The Forgotten Realms: Where to Start Reading

The Forgotten Realms are the most popular setting for Dungeons and Dragons, home to almost 300 novels in addition to the countless associated tabletop role-playing materials, video games, and comic books. There’s no fantasy setting with more information on it, anywhere.

That can seem daunting, but most of the books are designed to be stand-alone, or in a smaller series. There are a few major upheavals to the setting but even those rarely affect the stand-alone nature of the books too much.

But where to start?

Don’t worry. I’m here to help. Keep reading for the best jumping in points for The Forgotten Realms.

The Dark Elf Trilogy by R.A. Salvatore

R.A. Salvatore’s Drizzt is by far the setting’s most popular character. The drow with the soul of a ranger was originally meant to be a sidekick and mentor to Wulfgar, the young barbarian that Salvatore had originally conceived of as the protagonist. But it didn’t take long before Drizzt became the protagonist, and he was never better than in this trilogy exploring his history in his homeland of Menzoberranzan, his exile in the Underdark, and his sojourn among the surface races.

Songs and Swords by Elaine Cunningham

Ed Greenwood, creator of the Forgotten Realms, had this to say about Cunningham’s books:

“When I first read Elaine Cunningham’s first Realms novel, ELFSHADOW, I thought: this lady has been reading my mind. This IS Waterdeep; she’s seeing it through my mind’s eye! It’s PERFECT!”

Elaine Cunningham has always felt like The Realms’ secret weapon. She never got the fame that Salvatore achieved, but her books were always some of the best.

Songs and Swords follows Arilyn Moonblade, a half-elf who despite her low birth was capable of wielding the powerful elven Moonblade, and the fop Danilo Thann. Thann is secretly a brilliant bard, but he puts on the role of a dilettante and a fool so that people let their guard down around him. Rounding out the group is Elaith Craulnober, a crime lord elf whose downfall was directly related to being rejected by his own moonblade. Cunningham injects real pathos and humour from these characters, better than anyone else writing in the setting.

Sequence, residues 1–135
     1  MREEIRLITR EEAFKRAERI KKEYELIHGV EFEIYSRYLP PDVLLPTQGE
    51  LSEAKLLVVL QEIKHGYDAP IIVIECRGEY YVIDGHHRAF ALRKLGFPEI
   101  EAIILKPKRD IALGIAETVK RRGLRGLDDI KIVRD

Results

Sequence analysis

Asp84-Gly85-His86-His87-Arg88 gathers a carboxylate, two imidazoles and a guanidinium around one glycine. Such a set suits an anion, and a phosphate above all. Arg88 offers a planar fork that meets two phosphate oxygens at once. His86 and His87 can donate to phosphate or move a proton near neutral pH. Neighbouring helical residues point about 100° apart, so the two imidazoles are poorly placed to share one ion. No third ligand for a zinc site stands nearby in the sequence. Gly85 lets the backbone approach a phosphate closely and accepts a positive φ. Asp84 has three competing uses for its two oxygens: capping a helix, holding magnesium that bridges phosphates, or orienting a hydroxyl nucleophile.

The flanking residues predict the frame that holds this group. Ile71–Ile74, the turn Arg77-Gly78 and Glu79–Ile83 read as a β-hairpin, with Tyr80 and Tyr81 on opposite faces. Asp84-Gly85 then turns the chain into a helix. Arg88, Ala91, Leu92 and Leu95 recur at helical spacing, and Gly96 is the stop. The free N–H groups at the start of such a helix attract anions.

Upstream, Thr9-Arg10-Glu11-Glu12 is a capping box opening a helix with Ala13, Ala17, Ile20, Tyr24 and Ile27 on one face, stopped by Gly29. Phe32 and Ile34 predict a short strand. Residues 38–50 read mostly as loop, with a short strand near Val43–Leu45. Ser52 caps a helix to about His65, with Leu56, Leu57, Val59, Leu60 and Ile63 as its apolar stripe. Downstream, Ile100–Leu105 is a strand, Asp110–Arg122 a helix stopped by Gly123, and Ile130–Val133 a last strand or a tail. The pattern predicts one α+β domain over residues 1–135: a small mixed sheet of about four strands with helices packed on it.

The Harpers by Troy Denning, Elaine Cunningham, Jean Rabe, and more

The longest series in the Forgotten Realms follows the Harpers, a secret organization dedicated to freedom, foiling the plans of the Zhentarim, and preserving ancient art and lore. They are, at their core, a very easy way to put a Dungeons and Dragons party together in the setting.

These books were largely stand-alone. The Ring of Winter followed one Artus Cimber as he investigated the dinosaur-infested land of Chult to find the artifact The Ring of Winter capable of creating endless, magical ice. Crown of Fire followed a woman named Shandril with a strange kind of magic almost unheard of. Thornhold, the final book in the series, explored the prejudices of paladins and how easy it is to weaponize.